An Atypical Review

Within the first three lines of dialogue, this dark comedy literally had the protagonist read the results from my Minnesota Multiphasic Inventory P-something with a P (it’s a 532 question peronality exam used by psychologists to diagnose mental abnormalities).

I’m the one on the far left.

The protagonist happens to be Sam, 18-year old senior in high school with high-functioning Autism.  Not only does Keir Gilchrist read a script taken from a systematic analysis of my own personality, he looks like me.  OK.  He looks like me if I were one full shade more handsome.  But still, the resemblance is striking.  We even have the same haircut.

Me. With high cheek bones, thinner lips. And that’s about it.

The difference between me and Sam is that Sam was born in 1998.  That was the year I up and moved to Israel.  So, we can just agree that I’m about a generation and a half older than him.  Born in 1998, Sam would have received the benefit of an educational system that had a nuanced understanding of Autism.  Sam knows he’s autistic.

A generation and a half ago, the educational system was pretty ignorant of Autism.  If you had good grades, liked obeying rules, and didn’t disturb other children, you could really skate by unnoticed.  That is, unless there’s was a jazz dancer that lived in your heart

A jazz dancer that lives in your heart is sort of like a symbiotic parasite.

who wanted to come out, because she’s got personality and thought it’s time for a show.  Yeah.  Unless you had one of those that eventually exploded Mount Vesuvious, then you probably don’t know.

But if you did, you would be in for some real trouble in high school.  Myself, I cried when Sam talked about being regarded as “weird”.  It wasn’t hearing my own words come out of Sam’s mouth that freaked me out.  It was the normality with which he regarded his own weirdness.  It’s as if you know you will never really have a home group and being OK with that. I have never had the experience of a fictional character depicting me so perfectly.  Honestly, it’s what it must feel like when David Blane calls you on stage, asks you to spontaneously write a haiku, and then Bang!  He pulls a piece of paper from behind your ear.  You unfold it.  And it’s your haiku.  That’s what watching Atypical was like for me.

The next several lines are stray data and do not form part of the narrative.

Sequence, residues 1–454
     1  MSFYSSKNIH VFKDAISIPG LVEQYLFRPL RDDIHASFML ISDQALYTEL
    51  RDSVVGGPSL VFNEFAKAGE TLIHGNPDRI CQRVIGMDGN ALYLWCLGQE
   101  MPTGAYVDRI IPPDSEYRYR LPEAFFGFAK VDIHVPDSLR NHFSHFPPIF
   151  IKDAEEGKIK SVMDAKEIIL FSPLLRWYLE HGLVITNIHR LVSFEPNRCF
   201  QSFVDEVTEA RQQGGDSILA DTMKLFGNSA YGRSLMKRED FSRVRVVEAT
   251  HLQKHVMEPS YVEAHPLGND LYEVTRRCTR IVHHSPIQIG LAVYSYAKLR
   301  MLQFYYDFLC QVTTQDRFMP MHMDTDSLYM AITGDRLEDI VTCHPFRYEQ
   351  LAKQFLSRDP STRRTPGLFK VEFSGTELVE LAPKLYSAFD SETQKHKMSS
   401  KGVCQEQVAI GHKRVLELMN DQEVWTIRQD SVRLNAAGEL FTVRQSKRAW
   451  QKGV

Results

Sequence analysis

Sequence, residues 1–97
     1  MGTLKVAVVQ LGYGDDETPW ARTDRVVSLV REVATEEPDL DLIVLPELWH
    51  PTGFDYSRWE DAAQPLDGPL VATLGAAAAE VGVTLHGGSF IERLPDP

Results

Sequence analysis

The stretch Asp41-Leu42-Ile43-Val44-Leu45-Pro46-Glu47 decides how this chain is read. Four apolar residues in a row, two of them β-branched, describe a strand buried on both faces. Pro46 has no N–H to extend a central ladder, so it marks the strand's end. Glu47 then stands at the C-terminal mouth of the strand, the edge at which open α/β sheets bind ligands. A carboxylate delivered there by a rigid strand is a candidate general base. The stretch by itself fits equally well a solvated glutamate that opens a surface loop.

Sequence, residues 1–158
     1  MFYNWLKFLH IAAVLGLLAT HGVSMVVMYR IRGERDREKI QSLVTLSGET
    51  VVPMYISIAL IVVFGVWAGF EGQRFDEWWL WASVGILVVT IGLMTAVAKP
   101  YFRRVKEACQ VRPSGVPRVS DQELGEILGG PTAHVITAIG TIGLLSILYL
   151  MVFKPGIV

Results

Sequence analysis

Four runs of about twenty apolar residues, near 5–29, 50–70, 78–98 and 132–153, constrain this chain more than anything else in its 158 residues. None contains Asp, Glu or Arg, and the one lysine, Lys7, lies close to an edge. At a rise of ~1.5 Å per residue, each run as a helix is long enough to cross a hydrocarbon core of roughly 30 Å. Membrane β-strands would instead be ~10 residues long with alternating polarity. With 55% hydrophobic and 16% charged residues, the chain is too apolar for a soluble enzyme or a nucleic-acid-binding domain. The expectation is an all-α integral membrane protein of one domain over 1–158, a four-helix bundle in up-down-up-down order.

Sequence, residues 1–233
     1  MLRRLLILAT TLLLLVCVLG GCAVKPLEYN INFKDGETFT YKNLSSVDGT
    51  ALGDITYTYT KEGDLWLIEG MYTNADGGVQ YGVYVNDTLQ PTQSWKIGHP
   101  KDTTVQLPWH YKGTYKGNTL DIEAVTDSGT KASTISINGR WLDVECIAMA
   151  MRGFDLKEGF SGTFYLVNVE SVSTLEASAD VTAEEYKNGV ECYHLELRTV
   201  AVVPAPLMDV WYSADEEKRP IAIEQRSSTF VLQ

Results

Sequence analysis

I even learned things about myself that I knew might be peculiar, but they aren’t the kind of things you can really ask other people about.  Early in the first episode, Sam describes a perceptual experience where a sound reverberates around his mind.  In this case, the bouncing through Sam’s mind was, “Twat”.  [SPOILER ALERT] His resolution to the scene was the predictable but still funny moment where the sound gains so much steam that he has to let it out with a shout.  And of course it happened in front of the guy his sister likes.

My resolution to that scene was far more profound.  That happens to me too.  A lot.  Like, all the time. I didn’t know it was a symptom of Autism.  Until I watched the first episode of Atypical.  I had no idea that such reverberating sounds were atypical.  I thought everyone had them.  I assumed it so thoroughly that I never even thought to ask someone about them.

But honestly, what does that conversation look like.  “Hey, Latrell.  Good game.  By the way, the sound of that umpire calling you safe is still bouncing around my head, mixing with a fart I heard on the bus.  What’s reverberating around your mind?”  Because that’s the only way you can really ask that.

You and Latrell are cool, but you don’t really hang out.

The bottom line, someone finally sat me down and had the Asperger’s talk.  And Atypical is so accurate in it’s depiction of people with Autism that it might one day be used as a diagnostic tool by special education services.  Five fist bumps !!!!!

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